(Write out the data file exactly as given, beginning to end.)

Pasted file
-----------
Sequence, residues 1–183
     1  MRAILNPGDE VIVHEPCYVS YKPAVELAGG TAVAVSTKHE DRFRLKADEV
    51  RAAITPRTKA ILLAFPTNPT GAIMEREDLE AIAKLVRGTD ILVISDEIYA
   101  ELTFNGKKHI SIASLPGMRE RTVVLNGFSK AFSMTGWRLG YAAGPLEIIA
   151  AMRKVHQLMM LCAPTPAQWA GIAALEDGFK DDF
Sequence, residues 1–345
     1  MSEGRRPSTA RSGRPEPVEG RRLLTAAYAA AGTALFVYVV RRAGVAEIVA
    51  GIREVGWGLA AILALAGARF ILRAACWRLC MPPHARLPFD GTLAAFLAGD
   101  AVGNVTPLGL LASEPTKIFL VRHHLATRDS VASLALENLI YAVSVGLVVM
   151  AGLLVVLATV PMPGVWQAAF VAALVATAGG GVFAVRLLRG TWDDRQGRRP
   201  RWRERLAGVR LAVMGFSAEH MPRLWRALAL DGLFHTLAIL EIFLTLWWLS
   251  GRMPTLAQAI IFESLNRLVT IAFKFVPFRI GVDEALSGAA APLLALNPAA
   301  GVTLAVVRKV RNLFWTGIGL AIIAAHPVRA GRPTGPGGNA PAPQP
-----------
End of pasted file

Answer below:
Sequence, residues 1–183
     1  MRAILNPGDE VIVHEPCYVS YKPAVELAGG TAVAVSTKHE DRFRLKADEV
    51  RAAITPRTKA ILLAFPTNPT GAIMEREDLE AIAKLVRGTD ILVISDEIYA
   101  ELTFNGKKHI SIASLPGMRE RTVVLNGFSK AFSMTGWRLG YAAGPLEIIA
   151  AMRKVHQLMM LCAPTPAQWA GIAALEDGFK DDF
Sequence, residues 1–345
     1  MSEGRRPSTA RSGRPEPVEG RRLLTAAYAA AGTALFVYVV RRAGVAEIVA
    51  GIREVGWGLA AILALAGARF ILRAACWRLC MPPHARLPFD GTLAAFLAGD
   101  AVGNVTPLGL LASEPTKIFL VRHHLATRDS VASLALENLI YAVSVGLVVM
   151  AGLLVVLATV PMPGVWQAAF VAALVATAGG GVFAVRLLRG TWDDRQGRRP
   201  RWRERLAGVR LAVMGFSAEH MPRLWRALAL DGLFHTLAIL EIFLTLWWLS
   251  GRMPTLAQAI IFESLNRLVT IAFKFVPFRI GVDEALSGAA APLLALNPAA
   301  GVTLAVVRKV RNLFWTGIGL AIIAAHPVRA GRPTGPGGNA PAPQP